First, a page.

McKee-Rankin-And-the-Heyday-of-The-American-Theatre
  • Title: McKee Rankin And the Heyday of The American Theatre
  • Author: David Beasley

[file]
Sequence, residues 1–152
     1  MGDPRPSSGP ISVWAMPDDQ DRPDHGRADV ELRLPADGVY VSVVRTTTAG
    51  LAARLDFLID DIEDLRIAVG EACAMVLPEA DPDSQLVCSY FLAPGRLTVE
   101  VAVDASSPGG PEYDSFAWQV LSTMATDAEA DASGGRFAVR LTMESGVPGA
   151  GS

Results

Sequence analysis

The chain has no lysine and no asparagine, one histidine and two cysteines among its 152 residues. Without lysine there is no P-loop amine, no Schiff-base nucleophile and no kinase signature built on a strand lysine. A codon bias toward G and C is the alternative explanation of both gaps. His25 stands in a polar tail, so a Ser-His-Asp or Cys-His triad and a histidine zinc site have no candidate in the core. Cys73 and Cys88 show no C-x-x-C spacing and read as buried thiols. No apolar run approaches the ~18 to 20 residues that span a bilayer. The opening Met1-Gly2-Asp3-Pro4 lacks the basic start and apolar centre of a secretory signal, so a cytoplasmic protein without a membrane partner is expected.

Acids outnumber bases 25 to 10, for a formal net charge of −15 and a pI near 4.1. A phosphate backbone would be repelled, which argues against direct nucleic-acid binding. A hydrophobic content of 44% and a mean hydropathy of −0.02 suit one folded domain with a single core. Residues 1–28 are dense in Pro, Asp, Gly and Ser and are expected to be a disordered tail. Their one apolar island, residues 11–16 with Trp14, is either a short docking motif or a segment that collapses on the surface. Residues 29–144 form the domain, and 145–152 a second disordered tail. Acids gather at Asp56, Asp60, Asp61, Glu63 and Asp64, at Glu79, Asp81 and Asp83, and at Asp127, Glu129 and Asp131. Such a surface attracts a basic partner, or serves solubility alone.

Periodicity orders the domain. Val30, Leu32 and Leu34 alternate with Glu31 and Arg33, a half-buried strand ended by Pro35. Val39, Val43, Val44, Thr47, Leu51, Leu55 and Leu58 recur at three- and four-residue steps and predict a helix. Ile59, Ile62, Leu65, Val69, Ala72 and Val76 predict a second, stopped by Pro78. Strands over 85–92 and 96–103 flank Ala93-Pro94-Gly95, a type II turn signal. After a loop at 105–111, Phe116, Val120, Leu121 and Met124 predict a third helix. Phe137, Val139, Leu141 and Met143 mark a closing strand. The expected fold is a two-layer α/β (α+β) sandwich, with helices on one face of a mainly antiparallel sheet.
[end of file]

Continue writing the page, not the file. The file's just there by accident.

McKee Rankin burst upon the theatre world in the 1860s. By the age of twenty-one, Rankin, a Canadian by birth, had become leading man at the Arch Street Theatre in Philadelphia, considered to be the best theatre in the country. A matinee idol and a superb character actor, he formed one of the first combination companies to tour America. He wrote successful Western dramas, in which he and his wife, the famous Kitty Blanchard, created unforgettable characters. He built a theatre in New York City and one in San Francisco where, in the 1880s, he created a nationally famous repertory theatre. Persevering, intelligent, and dedicated, his passion for the theatre brought him into conflict with the commercial attitudes of managers. Throughout his ups and downs, from riches to poverty, from handsome man to obese alcoholic, he continued to create great roles. When Rankin died in 1914, the brilliant innovations of this actor-manager, playwright, and director had changed theatre forever. This thoroughly documented biography is also a lively story of one of the most important but least known periods of American theatre, encompassing a wealth of information about great but forgotten actors, a fascinating account of the relationship between the stage and its audience, and several rediscovered, once famous, plays. Students of acting, historians of the theater, and those interested in the cultural development of a continent will find this book invaluable. All readers will be entranced by a world from which today’s entertainment emerged. ISBN: 0-88920-390-3 Publisher: Davus Publishing Number of Pages: 499 Illustrations: 32 illustrations Paperback

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